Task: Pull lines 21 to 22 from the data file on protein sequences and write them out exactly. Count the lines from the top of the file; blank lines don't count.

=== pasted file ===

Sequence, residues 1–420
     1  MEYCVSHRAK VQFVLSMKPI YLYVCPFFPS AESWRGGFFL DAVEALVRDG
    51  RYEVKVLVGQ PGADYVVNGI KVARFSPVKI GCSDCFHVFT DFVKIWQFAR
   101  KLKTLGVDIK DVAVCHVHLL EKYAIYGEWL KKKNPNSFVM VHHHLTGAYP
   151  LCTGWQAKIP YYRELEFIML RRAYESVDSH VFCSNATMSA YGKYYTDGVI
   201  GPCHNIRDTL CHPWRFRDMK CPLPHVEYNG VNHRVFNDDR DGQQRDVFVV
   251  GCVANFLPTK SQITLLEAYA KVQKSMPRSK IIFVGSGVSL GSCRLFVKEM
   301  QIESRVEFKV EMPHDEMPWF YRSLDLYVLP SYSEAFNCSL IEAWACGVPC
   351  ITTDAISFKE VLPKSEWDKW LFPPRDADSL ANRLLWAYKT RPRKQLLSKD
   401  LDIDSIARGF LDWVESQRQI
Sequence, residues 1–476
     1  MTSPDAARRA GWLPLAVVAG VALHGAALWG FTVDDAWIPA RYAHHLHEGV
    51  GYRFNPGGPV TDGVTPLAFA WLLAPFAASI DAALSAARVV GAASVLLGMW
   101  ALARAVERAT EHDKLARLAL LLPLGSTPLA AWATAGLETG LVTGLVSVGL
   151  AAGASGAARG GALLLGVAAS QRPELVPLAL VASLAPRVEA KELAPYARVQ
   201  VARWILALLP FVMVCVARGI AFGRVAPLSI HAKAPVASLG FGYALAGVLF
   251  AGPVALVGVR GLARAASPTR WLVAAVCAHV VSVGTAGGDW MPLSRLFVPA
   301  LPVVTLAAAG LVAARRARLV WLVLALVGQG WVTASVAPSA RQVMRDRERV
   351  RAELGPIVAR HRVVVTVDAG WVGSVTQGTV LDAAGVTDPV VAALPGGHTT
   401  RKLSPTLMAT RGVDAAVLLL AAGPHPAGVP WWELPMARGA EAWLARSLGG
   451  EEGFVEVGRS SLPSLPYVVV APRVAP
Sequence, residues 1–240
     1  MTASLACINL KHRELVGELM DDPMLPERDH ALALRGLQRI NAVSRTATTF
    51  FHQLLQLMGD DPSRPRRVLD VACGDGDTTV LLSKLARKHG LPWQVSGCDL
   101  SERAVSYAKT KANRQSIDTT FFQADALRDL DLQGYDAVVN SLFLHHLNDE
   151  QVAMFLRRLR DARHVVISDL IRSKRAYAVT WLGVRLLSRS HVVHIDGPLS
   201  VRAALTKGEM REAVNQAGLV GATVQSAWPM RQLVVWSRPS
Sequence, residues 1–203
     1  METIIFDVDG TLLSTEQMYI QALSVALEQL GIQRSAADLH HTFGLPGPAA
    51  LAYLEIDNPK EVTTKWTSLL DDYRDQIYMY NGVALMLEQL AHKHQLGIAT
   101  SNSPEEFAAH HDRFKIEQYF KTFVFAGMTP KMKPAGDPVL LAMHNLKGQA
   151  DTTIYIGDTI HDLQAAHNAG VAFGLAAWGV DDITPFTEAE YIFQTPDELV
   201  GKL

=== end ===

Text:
   451  EEGFVEVGRS SLPSLPYVVV APRVAP
Sequence, residues 1–240